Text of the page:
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    I'm confused about dopamine. It always seems to be recommended as something good and something to increase, but when I google dopamine and stress, it seems to by part of the sympathetic nervous system; i.e. a stress hormone. If we are trying to lower stress, do we really want to increase dopamine? Is it's value solely in the fact that it opposes serotonin?
     
  8. OP
    haidut

    haidut Member

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    Estrogen and cortisol are also part of the cholesterol-pregnenolone-progesterone pathway. Dopamine is itself usually benign but it can have toxicity like anything else. The catecholamines are metabolites of dopamine so the issue would usualy not be dopamine but abnormally fast degradation of it to adrenaline/noradrenaline. That is why drugs like MAO-B are used - to inhibit dopamine breakdown. Look up selegiline, it is even used for lifespan extension. So, the dopamine dominance is preferable to serotonin dominance but like anything else in excess it can cause issues but the issue usually not with dopamine but with its metabolites, usually formed by reaction with iron.
     
  9. Regina

    Regina Member

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    Haidut, could you point me to where I can learn more about the dopamine reaction with iron?
     
  10. OP
    haidut

    haidut Member

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    Ray talks about it in his recent interviews. Here is also one link from NathanK. If you Google search the forum for "dopamine iron" you will probably find more links.
    Fluorescent light kills dopamine in the brain
    "...The study used bright (fluorescent) light on surgically blinded mice and found it oxidized dopamine at a much faster rate ultimately impairing dopaminergic neurons in the substantia nigra. The wavelength penetrated the brain where dopamine interacted with iron to auto-oxidize (essentially giving them Parkinsons). In contrast, near IR is neuroprotective of those neurons."
     
  11. Regina

    Regina Member

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    Thank you Haidut. More connecting the dots.
    We spend a lot of time indoors in Chicago. And my beautiful dojo has a sea of fluorescent lights overhead. I feel them as soon as I step onto the mat. I become kind of like a fainting goat dosed with speed.
    Hmm. Well, I'll do what I can about iron stores....
    Thank you.
     
  12. Regina

    Regina Member

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    So, even in wikipedia this "broken heart syndrome",
    Takotsubo cardiomyopathy - Wikipedia
    "Scientists believe one reason is that estrogen causes the release of catecholamine and glucocorticoid in response to mental stress."
    estrogen is involved. (?) Would you think aspirin and vitamin E (and maybe succinic acid) could improve this stress condition?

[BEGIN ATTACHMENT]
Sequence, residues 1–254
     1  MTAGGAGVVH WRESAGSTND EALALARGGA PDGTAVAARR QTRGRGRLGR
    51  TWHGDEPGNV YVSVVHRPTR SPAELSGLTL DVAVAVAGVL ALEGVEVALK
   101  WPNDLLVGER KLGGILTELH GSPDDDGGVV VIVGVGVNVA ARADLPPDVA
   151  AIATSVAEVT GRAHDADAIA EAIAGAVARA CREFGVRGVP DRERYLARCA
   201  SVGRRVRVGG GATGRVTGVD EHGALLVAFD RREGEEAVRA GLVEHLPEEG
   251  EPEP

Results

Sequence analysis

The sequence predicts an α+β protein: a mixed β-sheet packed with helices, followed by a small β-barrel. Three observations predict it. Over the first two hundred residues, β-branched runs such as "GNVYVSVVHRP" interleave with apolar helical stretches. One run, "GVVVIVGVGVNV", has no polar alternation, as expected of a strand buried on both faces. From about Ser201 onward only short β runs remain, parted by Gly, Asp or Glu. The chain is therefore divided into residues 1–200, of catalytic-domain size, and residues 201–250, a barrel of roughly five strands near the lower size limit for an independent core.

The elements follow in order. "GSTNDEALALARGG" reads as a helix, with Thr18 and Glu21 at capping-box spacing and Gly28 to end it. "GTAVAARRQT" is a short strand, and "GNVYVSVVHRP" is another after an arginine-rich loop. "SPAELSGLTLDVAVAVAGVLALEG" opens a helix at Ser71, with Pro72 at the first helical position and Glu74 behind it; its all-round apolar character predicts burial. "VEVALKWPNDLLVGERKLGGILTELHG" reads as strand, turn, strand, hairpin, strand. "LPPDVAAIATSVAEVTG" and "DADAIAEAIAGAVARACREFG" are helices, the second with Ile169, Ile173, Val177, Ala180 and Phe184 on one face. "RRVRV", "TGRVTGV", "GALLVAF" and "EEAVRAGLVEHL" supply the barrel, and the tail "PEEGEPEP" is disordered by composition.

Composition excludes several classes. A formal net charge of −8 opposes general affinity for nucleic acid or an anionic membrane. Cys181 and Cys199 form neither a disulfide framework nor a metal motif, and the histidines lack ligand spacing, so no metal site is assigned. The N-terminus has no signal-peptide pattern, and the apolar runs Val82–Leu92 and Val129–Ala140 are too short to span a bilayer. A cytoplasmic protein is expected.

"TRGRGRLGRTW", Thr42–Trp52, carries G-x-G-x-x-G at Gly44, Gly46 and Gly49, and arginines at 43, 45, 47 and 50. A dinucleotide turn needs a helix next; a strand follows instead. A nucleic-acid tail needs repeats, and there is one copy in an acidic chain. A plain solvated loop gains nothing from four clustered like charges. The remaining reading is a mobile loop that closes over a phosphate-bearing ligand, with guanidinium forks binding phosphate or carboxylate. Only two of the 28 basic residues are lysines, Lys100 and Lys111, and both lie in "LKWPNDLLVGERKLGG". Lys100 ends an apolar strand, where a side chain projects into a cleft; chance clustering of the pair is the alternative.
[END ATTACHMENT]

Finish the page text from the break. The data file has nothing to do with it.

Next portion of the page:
13. REOSIRENS

    REOSIRENS Member

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    That's why people under quite a lot of stress craves for the high dopamine gives... Adrenaline from racing...sex... Betting ... Partying... Seeing new things(places... new clothes ...experiences... one night stand partners...)

    And one form to stop going to extremities is by numbing stress with Gaba (alcohol...or things that increase blood sugar levels niacinamide cyproheptadine thiamine magnesium...things that are useful to stop addiction)
     
  14. OP
    haidut

    haidut Member

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    Absolutely, in the absence of estrogen the stress response stops as soon as the stressor is removed. So, anything that opposes estrogen should help including vitamin E, aspirin, antihistamine drugs, anticholinergic drugs, progesterone, etc.
     
  15. Regina

    Regina Member

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    :thumbsup:Thx Haidut.
     
  16. Regina

    Regina Member

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    Haidut, Attached is the results of bloodwork on 5/25 detailing my iron/copper status, lipid et al. I had the tests done as follow-up to very high NE on blood catecholamines. My low TSH and super low "iron" numbers scared the bejeezus out of my Doctor. I would be very grateful for any thoughts you might have on my results. Thank you!!
     

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  17. OP
    haidut

    haidut Member

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    Ferritin and iron saturation are indeed low. Are you taking anything that lowers iron? Aspirin, vitamin E, etc? Do you have heavy menstrual bleeding? Are you eating liver/meat at least once weekly? Are you taking thyroid for TSH to be that low?
     
  18. Regina

    Regina Member

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    Thank you haidut. I was taking 2 succinic acid pills per day for about two wks. I stopped 3 (I think) days before the test. As well, yes I do usually take aspirin and E daily.
    I have permanently stopped menstruating several months ago. (barely any for about a year).
    Off and on, I will take either tyronene or tyromix in tiny doses.
    I had been feeling great recently. After a few succinic acid days, I felt good training. I FINALLY feel like my body is handling the increase sugar/fructose and that metabolism stabilized.

    I have not gone back to succinic acid or any thyroid. But still do estroban every morning and often some aspirin before training.
    I sure don't feel anemic. (trained like a beast last night)

    Mr Doc is highly alarmed, saying I'm hyperthyroid with occult blood in GI!!!!!

    I don't think so. But really appreciate your thoughts so much.

    I just counted the succinic acid capsules that are left in the 120 ct bottle. 2 capsules = 500mg. There are 51 capsules left. So, I took 2 per day for 34 days (time flies).

    Also on day of test: BP 120/72; Pulse 70; Temp 98.3
     
  19. Regina

    Regina Member

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    Take that low iron!
     

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  20. OP
    haidut

    haidut Member

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    The low ferritin may have more to do with your high adrenaline/noradrenaline results you posted before. Has the doctor seen those results?